There are multiple cases.
1) Child seiyuu (voice actors) are pretty much unheard of in Japan. (It is not impossible [for example, Matsuura Aya voiced Kaga Rin in Usagi Drop, which aired when she was about 10 years old], but most seiyuu are at least 14 years old when they begin working [such as Maaya Sakamoto when she debuted as Kanzaki Hitomi in Tenkuu no Escaflowne, a character of her own age]). It is common to debut through audition or to complete a degree in an Anime Manga Seiyuu senmongakkou (technical college). Finding a young boy to voice boy roles is uncommon. It is worth noting that very young girl roles are likewise usually played by adult women, not by young girls (for example, the younger sister Mei in Tonari no Totoro). When casting young girls or boys in Japanese theatrical stage productions, usually 2 to 4 children must be cast for a single role, because child labor laws do not allow a child to work more than a certain number of hours per week (for example, Chibiusa and Chibichibi in the Sailor Moon musicals a.k.a. SeraMyu and Rudolf in Elisabeth); this is also partly why it is common to cast adult women as young girls and boys even in Japanese live-action stage plays).
2) Many characters in anime, such as protagonists of extremely long-running children's series, are boys who have not yet hit puberty, which is when their voices would change (for example, Satoshi in Pokemon and Conan in Meitantei Conan). Employing a female seiyuu allows the character a high-pitched, youthful, cute sound, and the series can go on for decades without any need to replace the voice (whereas if a young male had been cast, his voice might break and become too low for the character).
3) Bishounen (pretty-boy) characters are often, though not always, voiced by women. In some cases, the fact that the character is male is not revealed until a number of episodes after the character is introduced, which creates gender-bending hijinks for the other characters who aren't yet in the know.
4) Characters whose sex and/or gender is intended to remain ambiguous are often given female seiyuu (for example, Frol in 11 Nin Iru! and Alluka in HUNTER x HUNTER). Characters who switch sexes are often given female seiyuu, which allows the same seiyuu to voice the character at all times (for example, the Sailor Starlights in Sailor Moon or Dilandau in Tenkuu no Escaflowne). In contrast, in dubs of Sailor Moon in other languages, 2 voice actors were cast for each of the Starlights, 1 to voice the female scenes and another to voice the male scenes. The benefit of the Japanese style is to employ a single seiyuu who can play the entire role as well as perform the songs for CD character image songs.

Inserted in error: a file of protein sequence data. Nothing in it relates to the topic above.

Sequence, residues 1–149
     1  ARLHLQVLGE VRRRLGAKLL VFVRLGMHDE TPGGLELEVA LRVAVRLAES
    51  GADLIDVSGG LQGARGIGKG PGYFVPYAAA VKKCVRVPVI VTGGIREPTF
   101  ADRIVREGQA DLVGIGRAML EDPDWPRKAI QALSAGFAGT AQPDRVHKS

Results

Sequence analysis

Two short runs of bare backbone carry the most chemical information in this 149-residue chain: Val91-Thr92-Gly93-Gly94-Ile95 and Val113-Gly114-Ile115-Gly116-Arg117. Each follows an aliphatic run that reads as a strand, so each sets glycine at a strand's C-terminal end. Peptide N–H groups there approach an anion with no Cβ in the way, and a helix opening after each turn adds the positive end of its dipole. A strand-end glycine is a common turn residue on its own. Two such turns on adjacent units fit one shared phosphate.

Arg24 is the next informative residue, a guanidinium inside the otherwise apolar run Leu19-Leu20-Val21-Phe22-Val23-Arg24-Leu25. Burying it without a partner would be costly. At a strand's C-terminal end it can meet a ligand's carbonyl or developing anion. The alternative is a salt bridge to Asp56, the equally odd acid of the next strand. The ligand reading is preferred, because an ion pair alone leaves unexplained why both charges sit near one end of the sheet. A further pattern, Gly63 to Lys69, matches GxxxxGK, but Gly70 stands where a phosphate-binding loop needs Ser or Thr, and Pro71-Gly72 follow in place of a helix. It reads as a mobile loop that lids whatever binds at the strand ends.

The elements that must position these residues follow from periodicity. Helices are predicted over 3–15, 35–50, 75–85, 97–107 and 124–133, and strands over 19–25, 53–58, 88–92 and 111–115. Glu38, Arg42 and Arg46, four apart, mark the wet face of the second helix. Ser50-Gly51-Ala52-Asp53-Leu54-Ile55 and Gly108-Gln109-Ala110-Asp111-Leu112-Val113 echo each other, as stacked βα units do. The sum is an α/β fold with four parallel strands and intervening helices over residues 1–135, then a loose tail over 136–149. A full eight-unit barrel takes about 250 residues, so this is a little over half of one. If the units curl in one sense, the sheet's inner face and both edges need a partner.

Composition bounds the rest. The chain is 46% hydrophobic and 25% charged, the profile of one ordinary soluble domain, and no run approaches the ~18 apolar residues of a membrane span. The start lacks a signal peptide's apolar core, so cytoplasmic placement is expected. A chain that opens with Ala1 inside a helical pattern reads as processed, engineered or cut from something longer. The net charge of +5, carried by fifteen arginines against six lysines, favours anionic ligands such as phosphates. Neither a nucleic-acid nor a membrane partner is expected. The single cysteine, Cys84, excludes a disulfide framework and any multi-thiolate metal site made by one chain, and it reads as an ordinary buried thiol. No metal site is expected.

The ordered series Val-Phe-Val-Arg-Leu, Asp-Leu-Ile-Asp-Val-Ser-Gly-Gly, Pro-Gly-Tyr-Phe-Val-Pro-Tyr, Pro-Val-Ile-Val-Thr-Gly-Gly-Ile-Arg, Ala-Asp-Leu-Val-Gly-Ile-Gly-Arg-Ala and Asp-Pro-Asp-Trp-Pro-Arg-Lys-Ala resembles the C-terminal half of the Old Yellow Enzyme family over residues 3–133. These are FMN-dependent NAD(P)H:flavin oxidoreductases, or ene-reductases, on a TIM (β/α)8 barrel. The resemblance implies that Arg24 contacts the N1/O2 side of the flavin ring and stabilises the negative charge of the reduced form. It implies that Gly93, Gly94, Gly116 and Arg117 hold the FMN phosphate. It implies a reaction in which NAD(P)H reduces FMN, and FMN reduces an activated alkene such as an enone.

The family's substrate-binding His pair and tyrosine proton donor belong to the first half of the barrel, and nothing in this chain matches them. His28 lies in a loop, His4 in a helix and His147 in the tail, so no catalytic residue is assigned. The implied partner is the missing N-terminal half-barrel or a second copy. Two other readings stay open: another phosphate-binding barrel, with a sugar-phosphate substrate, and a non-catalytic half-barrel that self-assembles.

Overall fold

5) As compared to voice actors in other countries, seiyuu have a very high level of skill and training, and it is a lucrative career. This valid career option allows seiyuu who become famous and beloved by their fans to continue to work for decades (they need not worry about signs of aging as much as live-action film actors do). Other than those with very low masculine voices, their own age in real-life is irrelevant regarding what age of character they can play (this is a reason that child seiyuu are not necessary). Seiyuu can acquire large fan bases, and production companies will hire them partly based on the star power of having their name in the cast (in other words, some viewers will watch an anime simply due to the fact that a certain favorite seiyuu is in the series). Some seiyuu have a wide range of character roles they can play, others are "typecast" --- but in a way that fans know what to expect out of them and it is generally viewed as a positive feature rather than a limitation. As a result, certain female seiyuu are more likely than others to be employed in roles of young boys or bishounen, because they are renowned for such work and/or it's what the fans want to hear.
It is worth noting that sometimes Japan does the unexpected in terms of voice casting. The female mother wolf character of Moro in Mononoke-hime is voiced by Miwa Akihiro, a male seiyuu who is a drag queen with a low, deep voice.